All jokes aside, now heading into the twilight years of my career I have the unique honour of being asked my opinion about various subjects in my area of experience and some may say expertise. For anyone that knows me, you will get that I am driven from a place of always trying to do what is right by my customer and this conversation is less about technology and more about process.
While some may see my blog title as sarcastic or tongue in cheek, my point is to create some thought about who do you work for? And, is what I am doing right now bringing value to the shareholders now or in the future? If I am working on the strategic aspects of the business cycle, am I acting in the smartest way possible?
The challenges and impact of a proof of concept on your operations
This brings me to the conversation about Proof of Concept (PoC) or Evaluation Trials of technology.
Here are a few points in bullet form:
• Almost any vendor can make a limited wireless pilot look extremely good if they have complete control over the operational scenario and the environment (one or two clients sending data does not rate as a true use case demonstration);
• Pilots rarely demonstrate a true operational use case and so run a very high risk of future failure if adopted on a larger scale;
• Customers almost always never gain complete organisational buy in to enable success which conversely almost guarantees a failure;
• Proof of concept projects are often poorly defined, scoped and budgeted for which then typically leads to a failed attempt;
• The operational impact of running a pilot on a production site should never be underestimated.
I could go on. There are lots of papers about how to succeed with technology and the common denominator for all impartial papers all start with a conversation about understanding the business problem you are trying to solve, then launch into a discussion about process, people and culture (stakeholder engagement) and lastly system requirements. One very good paper I can point to can be found here: AUSIMM White Paper and while the discussion is around completely different subject matter, the concept is the same.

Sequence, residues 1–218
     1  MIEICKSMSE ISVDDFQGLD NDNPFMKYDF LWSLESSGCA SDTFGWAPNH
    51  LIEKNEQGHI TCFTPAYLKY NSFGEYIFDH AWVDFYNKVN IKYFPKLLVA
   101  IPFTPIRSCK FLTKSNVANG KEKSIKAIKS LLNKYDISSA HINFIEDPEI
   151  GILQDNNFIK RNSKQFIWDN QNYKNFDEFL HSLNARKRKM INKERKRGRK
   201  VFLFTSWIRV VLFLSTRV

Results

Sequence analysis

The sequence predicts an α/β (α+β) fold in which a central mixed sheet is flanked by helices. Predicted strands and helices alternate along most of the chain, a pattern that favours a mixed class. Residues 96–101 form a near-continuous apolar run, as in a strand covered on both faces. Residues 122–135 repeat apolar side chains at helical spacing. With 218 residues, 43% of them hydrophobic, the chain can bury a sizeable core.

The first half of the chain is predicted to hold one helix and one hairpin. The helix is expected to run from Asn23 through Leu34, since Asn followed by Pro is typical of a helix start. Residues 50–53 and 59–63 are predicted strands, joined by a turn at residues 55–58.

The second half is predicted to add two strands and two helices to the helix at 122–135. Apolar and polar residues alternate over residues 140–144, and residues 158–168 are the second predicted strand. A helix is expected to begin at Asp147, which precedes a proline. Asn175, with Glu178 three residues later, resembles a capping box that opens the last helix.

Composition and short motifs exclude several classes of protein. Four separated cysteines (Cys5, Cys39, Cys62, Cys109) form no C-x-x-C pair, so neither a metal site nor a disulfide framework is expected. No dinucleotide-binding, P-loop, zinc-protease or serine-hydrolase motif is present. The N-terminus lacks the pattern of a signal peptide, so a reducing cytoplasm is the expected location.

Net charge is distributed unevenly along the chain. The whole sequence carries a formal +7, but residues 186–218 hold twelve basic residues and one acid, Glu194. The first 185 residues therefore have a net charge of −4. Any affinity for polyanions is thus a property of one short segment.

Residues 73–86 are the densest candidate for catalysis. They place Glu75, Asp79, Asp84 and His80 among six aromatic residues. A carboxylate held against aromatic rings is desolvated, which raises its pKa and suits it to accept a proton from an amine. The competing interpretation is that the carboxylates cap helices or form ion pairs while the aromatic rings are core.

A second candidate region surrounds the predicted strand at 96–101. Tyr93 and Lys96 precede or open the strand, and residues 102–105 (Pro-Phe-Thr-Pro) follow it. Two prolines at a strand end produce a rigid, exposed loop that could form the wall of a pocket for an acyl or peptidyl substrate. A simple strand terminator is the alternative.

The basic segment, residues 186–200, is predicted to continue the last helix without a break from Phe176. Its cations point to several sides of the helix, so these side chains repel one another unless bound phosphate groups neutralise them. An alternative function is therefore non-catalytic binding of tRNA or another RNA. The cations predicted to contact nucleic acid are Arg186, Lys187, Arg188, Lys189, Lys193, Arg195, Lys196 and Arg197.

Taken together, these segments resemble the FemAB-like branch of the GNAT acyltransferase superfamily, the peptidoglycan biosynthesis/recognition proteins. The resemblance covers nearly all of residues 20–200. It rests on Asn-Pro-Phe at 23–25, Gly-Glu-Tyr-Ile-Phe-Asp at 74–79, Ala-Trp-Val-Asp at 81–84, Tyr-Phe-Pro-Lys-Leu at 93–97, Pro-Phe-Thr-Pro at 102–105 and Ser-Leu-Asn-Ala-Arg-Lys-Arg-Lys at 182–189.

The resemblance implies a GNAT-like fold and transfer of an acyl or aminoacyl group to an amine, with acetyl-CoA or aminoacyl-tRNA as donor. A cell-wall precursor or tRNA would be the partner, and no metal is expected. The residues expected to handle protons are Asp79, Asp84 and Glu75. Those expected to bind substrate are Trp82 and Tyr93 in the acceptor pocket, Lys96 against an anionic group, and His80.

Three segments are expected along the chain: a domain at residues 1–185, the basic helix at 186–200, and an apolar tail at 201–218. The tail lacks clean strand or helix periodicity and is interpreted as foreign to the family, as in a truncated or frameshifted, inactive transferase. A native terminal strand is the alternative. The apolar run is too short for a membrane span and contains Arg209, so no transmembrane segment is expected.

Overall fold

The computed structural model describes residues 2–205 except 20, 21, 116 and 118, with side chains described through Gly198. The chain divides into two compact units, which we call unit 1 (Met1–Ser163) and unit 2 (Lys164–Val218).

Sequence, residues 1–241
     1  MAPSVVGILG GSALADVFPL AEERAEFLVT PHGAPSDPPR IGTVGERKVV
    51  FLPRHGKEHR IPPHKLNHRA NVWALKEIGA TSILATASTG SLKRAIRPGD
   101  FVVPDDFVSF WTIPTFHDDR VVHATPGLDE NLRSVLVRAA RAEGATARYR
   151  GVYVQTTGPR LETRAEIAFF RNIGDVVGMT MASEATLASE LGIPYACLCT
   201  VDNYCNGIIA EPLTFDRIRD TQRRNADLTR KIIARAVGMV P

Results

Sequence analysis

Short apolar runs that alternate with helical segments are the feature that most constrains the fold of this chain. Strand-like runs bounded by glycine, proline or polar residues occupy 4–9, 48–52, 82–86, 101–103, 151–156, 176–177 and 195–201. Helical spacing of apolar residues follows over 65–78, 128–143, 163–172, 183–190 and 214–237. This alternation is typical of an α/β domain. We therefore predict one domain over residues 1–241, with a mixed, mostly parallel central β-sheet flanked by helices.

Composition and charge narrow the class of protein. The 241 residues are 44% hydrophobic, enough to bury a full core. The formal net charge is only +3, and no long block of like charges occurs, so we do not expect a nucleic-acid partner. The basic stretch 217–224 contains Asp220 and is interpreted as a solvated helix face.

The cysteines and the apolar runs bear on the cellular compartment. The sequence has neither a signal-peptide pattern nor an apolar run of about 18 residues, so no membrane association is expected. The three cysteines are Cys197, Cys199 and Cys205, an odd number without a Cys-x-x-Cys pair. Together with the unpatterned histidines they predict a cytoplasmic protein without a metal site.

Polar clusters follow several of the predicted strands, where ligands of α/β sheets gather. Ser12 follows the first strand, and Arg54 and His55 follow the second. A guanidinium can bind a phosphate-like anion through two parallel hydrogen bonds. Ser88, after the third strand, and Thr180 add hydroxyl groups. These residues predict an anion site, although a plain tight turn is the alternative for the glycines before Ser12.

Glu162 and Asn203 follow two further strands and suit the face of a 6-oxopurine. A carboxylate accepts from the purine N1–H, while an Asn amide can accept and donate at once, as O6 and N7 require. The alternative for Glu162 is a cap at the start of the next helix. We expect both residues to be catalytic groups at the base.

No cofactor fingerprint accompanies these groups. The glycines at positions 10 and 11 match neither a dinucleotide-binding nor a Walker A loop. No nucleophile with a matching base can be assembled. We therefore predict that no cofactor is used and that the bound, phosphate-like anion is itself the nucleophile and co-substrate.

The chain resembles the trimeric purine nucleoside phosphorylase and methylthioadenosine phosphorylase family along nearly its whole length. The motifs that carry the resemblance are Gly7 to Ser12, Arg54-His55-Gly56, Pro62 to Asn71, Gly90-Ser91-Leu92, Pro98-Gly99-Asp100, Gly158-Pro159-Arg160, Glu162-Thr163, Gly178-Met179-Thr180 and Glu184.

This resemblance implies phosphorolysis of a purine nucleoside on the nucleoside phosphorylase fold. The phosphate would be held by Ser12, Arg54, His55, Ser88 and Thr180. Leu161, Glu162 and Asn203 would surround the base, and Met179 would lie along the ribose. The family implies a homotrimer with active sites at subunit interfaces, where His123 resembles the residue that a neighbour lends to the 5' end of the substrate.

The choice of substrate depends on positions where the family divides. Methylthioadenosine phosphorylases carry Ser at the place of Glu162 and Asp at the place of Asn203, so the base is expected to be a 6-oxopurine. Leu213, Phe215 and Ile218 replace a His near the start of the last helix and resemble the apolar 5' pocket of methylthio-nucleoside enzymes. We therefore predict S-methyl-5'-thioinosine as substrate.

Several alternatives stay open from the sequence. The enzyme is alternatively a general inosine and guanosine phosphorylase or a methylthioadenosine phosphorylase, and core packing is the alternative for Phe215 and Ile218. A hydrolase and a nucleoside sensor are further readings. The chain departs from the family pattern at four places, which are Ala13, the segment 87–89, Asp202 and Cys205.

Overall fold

Moving away from a PoC to education and peer networking
So what is the message that I am trying to convey? Where ever possible, avoid a vendor’s offer of a proof of concept or free trial. Nothing is ever free. There is a far less costly, less risky and higher chance of success approach available to an operation that will produce a far greater and much better use of your time that will bring true value to your business. Here are a few key points.
• Do the work to properly define your business requirements to address your operational and business objectives;
• Understand your full scope of technical requirements;
• Take the time to engage your departments and stakeholders. Enrol them in the business case and the journey of change;
• Map your business and operational requirements to known solutions to start narrowing your selection criteria;
• Create the criteria for success in your project to enable you to conduct an effective vendor engagement process;
• Do the research for reputable solution providers/systems integrators with domain expertise and track record of success with the applications you are looking to integrate and operate. Often word of mouth in the mining community is a great source of recommendation;
• Develop a learning relationship with your likely vendors to identify the value proposition from each. What solutions have they delivered in the past, where have they delivered, how do they deliver, what is their technical leadership and capability, do they work well with the various equipment OEM’s;
• Ask to go and visit some of your vendors’ reference sites. If your candidate doesn’t have one return to the previous bullet point, then ask them again about their experience;
• The right vendor will likely share their knowledge so that you will understand all the challenges and pitfalls of your project as learned by themselves in working on similar projects amongst their customer base;
• Yes, in the end, as our technology partners would agree, it’s the domain expertise that makes the solution, not generic labor, so sole source justification is a process you will likely need to go through with your procurement team which will require a well-documented process and business case (please read all the above bullet points).
In summing up, unless you are a leading-edge R&D innovator, there will be countless operating examples of something similar to what you are trying to achieve in your own business. Going out and networking with other mining operations and colleagues to discover lessons learned and what works for others will not only achieve a faster result at a lower cost, it will look good at the next shareholders AGM.